Crustacean ELISA Kit (Tropomyosin)

Full Name: Crustacean ELISA Kit (Tropomyosin)
Sample Type: Food (Bakery, Fish, Meat, Soups)
Sensitivity: 0.09 ppm


Crustacean form part of eight other food groups which can trigger allergies by the presence of immunoglobulin E antibodies. This usually leads to hypersensitivity reactions due to ingesting these crustaceans (examples include lobsters, shrimps and crabs), these are the most frequent causes of many food allergic reactions. Also, they are regarded as the third important foodstuff which can induce food related anaphylaxis. One of the major allergen found in shrimps and many other crustaceans is the ubiquitous muscle protein tropomyosin, this is also responsible for a large number of the ingestion related allergic reactions. This is because the heat of cooking destroys the allergenic tropomyosin from their bodies. In Japan, eating shrimps raw has no ill effect on those with allergies. The main allergen found in crabs is tropomyosin as well. Shellfish also are an important cause of many food allergic reactions by being able to trigger more than one type of allergy at once (examples include shellfish protein and histamine).

It is a highly conserved protein and is known to be homologous in a large number of different species (displaying considerable rate of identicalness). Tropomyosin is relatively resistant to heat and acidic digestion. The heat stability property allows this protein to be suitable for analysing in processed food samples. Some of the detection methods for food allergens (especially crustacean protein) need to be highly specific and be able to detect minute quantities of the allergen which could be present in complex food matrices. Currently, there are a few procedure available (PCR, lateral flow assays, ELISA) but not many are able to detect tropomyosin protein.


Crustacean ELISA kit is a procedure designed for detecting quantitative amounts of crustacean or tropomyosin in food products (such as fish, meat, bakery and soups). This assay has a minimum analytical sensitivity limit of 0.09 ppm.


All reagents supplied need to be stored at 2 °C – 8 °C, unopened reagents will retain reactivity until expiration date. Do not use reagents beyond this date.

  • Microtiter Plate: Coated with anti-tropomyosin antibodies.
  • Tropomyosin Standards 1-5: Concentration 0, 20, 60, 200, 400 ppb.
  • Conjugate (Anti-Tropomyosin-Peroxidase).
  • Substrate Solution (TMB).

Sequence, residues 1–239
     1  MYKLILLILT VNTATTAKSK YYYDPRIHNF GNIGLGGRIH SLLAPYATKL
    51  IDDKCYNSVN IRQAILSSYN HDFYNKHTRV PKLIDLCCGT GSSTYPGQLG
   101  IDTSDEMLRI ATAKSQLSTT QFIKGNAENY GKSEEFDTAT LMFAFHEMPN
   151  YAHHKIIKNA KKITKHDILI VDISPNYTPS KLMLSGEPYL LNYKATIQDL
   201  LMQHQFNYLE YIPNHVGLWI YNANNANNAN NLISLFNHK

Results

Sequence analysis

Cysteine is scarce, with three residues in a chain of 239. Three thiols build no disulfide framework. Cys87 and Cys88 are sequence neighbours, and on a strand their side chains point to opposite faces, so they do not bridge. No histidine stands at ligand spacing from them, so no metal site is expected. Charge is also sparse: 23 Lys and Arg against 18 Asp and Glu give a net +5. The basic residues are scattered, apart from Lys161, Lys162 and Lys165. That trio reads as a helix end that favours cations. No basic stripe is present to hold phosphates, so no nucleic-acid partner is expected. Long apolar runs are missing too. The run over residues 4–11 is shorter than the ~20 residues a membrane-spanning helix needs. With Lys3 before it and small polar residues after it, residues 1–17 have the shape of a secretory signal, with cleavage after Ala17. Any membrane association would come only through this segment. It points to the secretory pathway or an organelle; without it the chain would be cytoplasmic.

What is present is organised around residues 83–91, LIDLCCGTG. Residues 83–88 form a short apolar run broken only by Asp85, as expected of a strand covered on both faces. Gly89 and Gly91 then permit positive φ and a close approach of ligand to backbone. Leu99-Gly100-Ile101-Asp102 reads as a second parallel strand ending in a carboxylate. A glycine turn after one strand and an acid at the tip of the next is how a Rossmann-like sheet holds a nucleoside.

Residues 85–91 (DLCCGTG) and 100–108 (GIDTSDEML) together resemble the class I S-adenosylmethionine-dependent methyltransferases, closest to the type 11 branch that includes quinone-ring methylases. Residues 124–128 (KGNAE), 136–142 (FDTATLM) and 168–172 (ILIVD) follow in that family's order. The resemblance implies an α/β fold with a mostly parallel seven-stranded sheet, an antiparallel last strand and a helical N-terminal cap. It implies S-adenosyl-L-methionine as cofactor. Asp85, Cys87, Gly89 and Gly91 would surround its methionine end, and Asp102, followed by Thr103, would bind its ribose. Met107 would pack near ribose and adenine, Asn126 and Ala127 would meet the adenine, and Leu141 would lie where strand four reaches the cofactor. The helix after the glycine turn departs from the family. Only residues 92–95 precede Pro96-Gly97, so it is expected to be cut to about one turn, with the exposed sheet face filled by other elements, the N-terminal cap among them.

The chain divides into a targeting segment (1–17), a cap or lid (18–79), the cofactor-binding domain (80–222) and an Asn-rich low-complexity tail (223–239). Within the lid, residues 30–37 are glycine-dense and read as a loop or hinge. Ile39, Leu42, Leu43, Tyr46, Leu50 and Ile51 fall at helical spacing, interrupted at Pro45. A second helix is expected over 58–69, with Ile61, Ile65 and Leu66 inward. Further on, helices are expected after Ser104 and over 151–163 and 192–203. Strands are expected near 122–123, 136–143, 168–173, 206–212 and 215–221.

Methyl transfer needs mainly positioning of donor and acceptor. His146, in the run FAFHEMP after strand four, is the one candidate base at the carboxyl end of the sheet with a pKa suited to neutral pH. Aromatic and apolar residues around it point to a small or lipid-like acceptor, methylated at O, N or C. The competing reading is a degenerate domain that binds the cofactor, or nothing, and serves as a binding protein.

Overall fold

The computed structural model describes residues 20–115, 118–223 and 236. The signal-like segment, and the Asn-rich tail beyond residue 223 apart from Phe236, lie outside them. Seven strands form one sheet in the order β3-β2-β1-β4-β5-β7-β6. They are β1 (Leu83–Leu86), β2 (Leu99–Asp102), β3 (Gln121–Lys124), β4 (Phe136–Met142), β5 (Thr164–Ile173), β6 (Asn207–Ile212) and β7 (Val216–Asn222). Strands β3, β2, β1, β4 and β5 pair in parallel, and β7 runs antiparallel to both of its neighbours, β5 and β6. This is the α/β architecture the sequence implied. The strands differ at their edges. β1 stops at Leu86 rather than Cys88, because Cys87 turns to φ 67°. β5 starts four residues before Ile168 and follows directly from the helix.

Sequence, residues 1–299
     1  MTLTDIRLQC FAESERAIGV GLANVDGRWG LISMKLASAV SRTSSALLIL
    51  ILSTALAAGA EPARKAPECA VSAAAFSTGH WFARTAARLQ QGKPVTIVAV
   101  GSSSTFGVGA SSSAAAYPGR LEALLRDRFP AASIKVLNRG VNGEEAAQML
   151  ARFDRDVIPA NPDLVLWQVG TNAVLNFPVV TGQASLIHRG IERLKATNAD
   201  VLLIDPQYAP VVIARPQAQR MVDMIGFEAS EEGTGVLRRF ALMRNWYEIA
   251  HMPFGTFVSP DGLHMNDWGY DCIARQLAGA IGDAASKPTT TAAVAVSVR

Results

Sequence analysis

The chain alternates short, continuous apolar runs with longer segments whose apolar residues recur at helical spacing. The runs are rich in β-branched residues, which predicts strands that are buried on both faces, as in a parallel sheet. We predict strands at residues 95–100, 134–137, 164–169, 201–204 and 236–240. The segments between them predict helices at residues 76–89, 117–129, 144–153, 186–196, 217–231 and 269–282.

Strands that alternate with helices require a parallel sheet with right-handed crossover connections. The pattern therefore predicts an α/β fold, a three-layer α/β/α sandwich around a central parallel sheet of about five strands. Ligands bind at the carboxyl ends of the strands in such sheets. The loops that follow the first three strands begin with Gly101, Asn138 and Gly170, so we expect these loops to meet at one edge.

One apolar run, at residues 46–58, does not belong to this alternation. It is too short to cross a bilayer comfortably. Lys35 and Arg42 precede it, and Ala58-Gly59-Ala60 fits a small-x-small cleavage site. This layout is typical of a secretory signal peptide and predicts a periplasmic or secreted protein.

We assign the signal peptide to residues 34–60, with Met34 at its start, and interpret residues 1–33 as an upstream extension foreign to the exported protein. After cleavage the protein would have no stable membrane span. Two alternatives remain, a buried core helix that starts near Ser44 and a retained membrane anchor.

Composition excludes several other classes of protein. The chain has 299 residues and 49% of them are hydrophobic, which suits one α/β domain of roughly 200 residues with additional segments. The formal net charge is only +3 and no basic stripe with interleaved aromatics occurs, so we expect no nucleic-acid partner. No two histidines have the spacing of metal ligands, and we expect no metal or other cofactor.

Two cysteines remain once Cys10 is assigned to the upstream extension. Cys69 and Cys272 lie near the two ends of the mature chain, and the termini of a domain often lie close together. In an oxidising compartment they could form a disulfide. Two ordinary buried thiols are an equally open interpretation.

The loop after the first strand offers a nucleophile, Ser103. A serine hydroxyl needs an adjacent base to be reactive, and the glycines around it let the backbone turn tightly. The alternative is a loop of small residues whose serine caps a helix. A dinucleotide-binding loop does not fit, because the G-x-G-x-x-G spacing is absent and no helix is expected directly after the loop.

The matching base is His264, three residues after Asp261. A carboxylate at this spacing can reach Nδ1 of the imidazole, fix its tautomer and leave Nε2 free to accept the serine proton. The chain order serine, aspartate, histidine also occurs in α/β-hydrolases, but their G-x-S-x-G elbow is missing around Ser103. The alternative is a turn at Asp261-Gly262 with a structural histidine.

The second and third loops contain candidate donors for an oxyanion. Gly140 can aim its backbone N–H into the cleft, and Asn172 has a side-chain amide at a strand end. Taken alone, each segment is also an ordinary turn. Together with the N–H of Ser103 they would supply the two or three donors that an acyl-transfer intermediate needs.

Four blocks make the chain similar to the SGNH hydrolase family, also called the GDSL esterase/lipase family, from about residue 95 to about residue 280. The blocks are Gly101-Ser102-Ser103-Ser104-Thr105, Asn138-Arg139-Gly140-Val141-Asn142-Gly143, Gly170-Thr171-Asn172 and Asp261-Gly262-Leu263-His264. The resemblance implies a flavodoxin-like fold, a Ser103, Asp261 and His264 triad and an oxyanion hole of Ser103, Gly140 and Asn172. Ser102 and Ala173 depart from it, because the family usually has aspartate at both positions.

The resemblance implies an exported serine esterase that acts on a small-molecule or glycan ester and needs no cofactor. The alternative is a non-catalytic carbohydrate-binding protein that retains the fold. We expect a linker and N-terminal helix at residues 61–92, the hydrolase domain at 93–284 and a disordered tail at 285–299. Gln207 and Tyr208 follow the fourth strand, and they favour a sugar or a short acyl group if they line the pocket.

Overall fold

• Stop Solution.
  • Extraction and sample dilution buffer (Tris)(10x Concentrate).
  • Washing Solution (PBS + Tween 20)(10x).
  • Instruction Manual.


The minimum detection sensitivity level of crustacean (tropomyosin) using current crustacean ELISA kit was 0.09 ppm. The standard range for this assay is 20.0 – 400.0 ppm.


– Sensitivity: Limit of detection, LOD (0.9ppm), Limit of quantification, LOQ (20.0ppm)
– Intra-Assay Precision: 6 – 8%
– Inter-Assay Precision: 5 – 12%
– Recovery: Meat (97%), Fish (93%), Vegetable soup (93%), Bakery products (90%), Soy sauce (84%).
– Linearity: 74 – 114%
– Cross Reactivity: The following displayed some cross reactions: Cockroach (protein) (0.01%). No cross reaction was detected for the following: Milk, Fish, Macadamia nut, Egg, Oyster, Chestnut, Wheat, Sunflower seeds, Pine nut, Rye, Pumpkin seeds, Soy, Oats, Cashew, Lecithin (soy), Barley, Peanut, Pea, Rice, Hazelnut, Bean, Corn, Almond, Potato, Buckwheat, Pecan, Carrot, Sesame, Coconut, Leek, Pork meat, Brazil nut, Celery, Beef, Walnut, Mustard, Chicken meat, Pistachio.


  1. A reliable and sensitive immunoassay for the determination of crustacean-protein in processed foods. J Agric Food Chem. (2007) 55 (23): 9345-50. Seiki K., et al.
  2. Molecular and immunological approaches in quantifying the air-borne food allergen tropomyosin in crab processing facilities. Int J Hyg Environ Health. (2014) 217 (7): 740-50. Kamath S.D., et al.
  3. Quantification of the major brown shrimp allergen Pen a 1 (tropomyosin) by a monoclonal antibody-based sandwich ELISA. J AllergyClin Immunol. (1997) 100 (2): 229-34. Jeoung B.J., et al.
  4. Identification of tropomyosinas the major shrimp allergen and characterization of its IgE-binding epitopes. J Immunol. (1993) 151 (10): 5354-63. Shanti K.N., et al.
  5. Seafood hypersensitivity in mite sensitized individuals: is tropomyosin the only responsible allergen? Ann Allergy Asthma Immunol. (2011) 106 (3): 223-9. Boquete M., et al.


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